You can search the Commonwealth Gazette on the Trove website under the heading Government Gazettes. If you want to read through a particular issue or issues, click on Browse articles by Place / National / C. Click on Commonwealth of Australia Gazette 1901-1973. This lets you browse by date of publication.
British medals awarded to Australians
If you are looking for lists of persons awarded a particular British medal, you can search the government gazettes by the name of the medal, for example a search using the words Distinguished conduct medal brings up a page from the gazette of 14 February 1918, Issue no. 19, page 284. Copy and paste the following link to see the page:
You can search the gazettes for listings of non-British medals awarded to Australians by allied countries. Countries which awarded medals to Australians include France, Belgium, Serbia and Russia. It can be difficult to know which section of the gazette to find relevant notices. One way to search is to do a keyword search in the main search box on the Government Gazettes page on Trove. Examples of search terms are:
Belgian government medal
French government medal
Serbian government medal
Russian government medal
If the name of the medal is known:
If you have the name of a non-British medal awarded to Australians by an allied country, you can search the gazettes on Trove using keywords of the name of the medal followed by the name of the country issuing the medal.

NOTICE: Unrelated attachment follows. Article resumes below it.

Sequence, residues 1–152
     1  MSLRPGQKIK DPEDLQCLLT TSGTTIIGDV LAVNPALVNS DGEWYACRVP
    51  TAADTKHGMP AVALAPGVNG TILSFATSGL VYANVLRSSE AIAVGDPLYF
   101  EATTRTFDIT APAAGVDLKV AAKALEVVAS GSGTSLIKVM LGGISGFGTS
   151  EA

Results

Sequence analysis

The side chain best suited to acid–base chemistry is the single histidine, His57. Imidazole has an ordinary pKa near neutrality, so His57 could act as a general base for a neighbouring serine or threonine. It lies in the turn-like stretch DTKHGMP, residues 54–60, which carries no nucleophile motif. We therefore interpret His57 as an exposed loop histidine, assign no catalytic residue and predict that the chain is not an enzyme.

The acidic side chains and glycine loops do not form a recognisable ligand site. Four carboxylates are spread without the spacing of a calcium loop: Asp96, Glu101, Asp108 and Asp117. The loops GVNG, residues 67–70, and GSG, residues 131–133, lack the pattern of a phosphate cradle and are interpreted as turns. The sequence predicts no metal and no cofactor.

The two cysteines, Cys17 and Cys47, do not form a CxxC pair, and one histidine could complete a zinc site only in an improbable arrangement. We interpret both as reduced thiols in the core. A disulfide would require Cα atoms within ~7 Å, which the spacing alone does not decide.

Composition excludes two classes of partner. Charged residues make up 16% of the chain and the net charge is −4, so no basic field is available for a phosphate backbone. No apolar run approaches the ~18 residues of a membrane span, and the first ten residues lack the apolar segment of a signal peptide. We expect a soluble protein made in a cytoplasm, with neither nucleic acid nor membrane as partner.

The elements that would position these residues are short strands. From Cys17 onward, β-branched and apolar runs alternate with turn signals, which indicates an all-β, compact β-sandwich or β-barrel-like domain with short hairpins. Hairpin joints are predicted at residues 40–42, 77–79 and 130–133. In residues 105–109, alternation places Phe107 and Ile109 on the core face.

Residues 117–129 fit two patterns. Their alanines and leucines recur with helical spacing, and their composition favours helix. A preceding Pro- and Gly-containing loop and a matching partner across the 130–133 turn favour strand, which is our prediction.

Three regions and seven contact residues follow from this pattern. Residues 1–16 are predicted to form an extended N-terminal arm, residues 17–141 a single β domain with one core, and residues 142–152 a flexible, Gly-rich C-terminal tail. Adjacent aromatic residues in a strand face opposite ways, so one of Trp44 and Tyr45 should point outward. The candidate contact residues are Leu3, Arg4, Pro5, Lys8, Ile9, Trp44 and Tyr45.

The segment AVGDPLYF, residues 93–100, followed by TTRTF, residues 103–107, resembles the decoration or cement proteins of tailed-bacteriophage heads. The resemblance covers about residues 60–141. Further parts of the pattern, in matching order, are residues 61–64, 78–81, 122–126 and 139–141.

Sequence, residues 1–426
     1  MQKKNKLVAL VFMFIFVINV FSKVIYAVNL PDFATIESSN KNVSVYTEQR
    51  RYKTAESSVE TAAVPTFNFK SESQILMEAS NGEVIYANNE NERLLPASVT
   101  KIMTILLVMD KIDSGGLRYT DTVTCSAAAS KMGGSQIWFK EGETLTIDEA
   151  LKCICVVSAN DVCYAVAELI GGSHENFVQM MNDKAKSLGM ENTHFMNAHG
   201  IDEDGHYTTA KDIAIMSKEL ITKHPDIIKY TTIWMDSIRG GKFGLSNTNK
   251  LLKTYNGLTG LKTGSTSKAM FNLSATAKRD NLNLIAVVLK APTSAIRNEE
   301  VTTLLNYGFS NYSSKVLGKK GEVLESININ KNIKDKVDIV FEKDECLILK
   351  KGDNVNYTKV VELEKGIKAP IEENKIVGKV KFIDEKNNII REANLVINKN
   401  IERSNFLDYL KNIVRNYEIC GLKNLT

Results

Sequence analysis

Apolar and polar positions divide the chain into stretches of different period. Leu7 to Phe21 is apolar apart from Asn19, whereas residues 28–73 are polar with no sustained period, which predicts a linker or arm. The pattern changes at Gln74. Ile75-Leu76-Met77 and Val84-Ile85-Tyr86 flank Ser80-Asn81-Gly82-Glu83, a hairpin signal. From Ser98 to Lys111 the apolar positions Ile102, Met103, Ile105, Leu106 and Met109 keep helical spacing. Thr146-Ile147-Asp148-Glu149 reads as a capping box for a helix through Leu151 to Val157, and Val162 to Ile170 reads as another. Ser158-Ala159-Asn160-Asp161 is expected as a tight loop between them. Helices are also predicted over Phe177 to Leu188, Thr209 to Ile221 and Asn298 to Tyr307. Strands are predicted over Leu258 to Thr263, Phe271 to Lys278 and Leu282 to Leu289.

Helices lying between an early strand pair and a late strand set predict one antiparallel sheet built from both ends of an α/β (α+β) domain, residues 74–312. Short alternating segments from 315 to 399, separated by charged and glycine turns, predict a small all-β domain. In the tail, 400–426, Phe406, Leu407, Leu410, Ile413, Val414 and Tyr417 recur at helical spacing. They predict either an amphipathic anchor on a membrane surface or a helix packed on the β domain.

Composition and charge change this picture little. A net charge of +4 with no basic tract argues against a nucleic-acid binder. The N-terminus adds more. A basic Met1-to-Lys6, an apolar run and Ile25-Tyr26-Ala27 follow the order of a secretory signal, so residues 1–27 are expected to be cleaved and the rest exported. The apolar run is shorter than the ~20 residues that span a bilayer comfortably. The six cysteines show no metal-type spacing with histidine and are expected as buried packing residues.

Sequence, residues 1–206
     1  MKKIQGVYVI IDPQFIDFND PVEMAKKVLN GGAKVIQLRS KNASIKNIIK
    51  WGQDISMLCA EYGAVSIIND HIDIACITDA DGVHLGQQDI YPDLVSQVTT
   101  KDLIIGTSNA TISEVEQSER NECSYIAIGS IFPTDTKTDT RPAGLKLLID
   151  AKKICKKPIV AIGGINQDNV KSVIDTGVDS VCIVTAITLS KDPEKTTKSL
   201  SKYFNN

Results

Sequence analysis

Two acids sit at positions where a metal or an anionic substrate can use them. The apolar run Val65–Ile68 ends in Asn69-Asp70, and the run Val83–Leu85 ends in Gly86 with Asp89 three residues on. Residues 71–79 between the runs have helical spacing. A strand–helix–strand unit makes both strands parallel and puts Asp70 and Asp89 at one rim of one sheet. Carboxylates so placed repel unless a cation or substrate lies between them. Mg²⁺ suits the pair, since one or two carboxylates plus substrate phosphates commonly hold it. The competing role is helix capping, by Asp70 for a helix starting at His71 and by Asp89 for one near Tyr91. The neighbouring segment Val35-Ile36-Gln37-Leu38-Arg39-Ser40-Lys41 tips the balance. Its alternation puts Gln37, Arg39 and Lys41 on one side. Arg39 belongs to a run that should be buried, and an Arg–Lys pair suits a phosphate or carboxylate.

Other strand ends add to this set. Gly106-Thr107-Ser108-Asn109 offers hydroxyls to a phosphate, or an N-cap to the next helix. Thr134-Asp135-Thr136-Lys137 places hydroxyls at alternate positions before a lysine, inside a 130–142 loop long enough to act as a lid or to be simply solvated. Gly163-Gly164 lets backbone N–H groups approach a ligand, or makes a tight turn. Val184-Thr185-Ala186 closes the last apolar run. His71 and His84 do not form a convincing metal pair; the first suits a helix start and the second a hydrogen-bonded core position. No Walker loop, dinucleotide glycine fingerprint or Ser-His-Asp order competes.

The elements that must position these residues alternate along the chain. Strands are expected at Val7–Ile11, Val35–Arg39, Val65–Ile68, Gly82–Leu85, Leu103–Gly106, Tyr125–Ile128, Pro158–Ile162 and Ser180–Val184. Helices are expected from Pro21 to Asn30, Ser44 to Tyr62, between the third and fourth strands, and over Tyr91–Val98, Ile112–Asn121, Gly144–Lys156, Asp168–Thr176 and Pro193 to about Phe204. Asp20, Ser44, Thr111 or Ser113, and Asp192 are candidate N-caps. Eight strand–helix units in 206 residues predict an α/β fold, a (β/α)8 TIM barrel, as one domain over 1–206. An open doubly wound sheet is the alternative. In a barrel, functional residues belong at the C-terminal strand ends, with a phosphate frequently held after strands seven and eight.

For example, to find awards of the Order of the White Eagle, a Serbian decoration, search the gazettes using the keywords
white eagle Serbia
For the Order of St. Anne, a Russian decoration, search using the keywords
order st. Anne Russia
This gives you lists of the names of those awarded the decoration. The awards may be listed in different issues. These awards were not necessarily awarded to Australians enlisted in the Australian armed forces. They may have enlisted in the forces of the country which awarded the medal.
You can also search the London Gazette, which listed both British and non-British awards before they were published in the Commonweatlh Gazette. See the London Gazette section on this page.
See Trove http://trove.nla.gov.au/newspaper/article/232517000/25020951 (copy and paste this url) for examples. These examples are from the Commonwealth Gazette of 8 July, 1920, issue no. 59, page 945. Proclamations and legislation.
Note that the awards may appear under different headings in different issues of the gazette. The Gazette also has an index.
Just another pair of socks is a website listing honours and awards given to Melton district Anzacs. It was produced by the Melton Family History Group.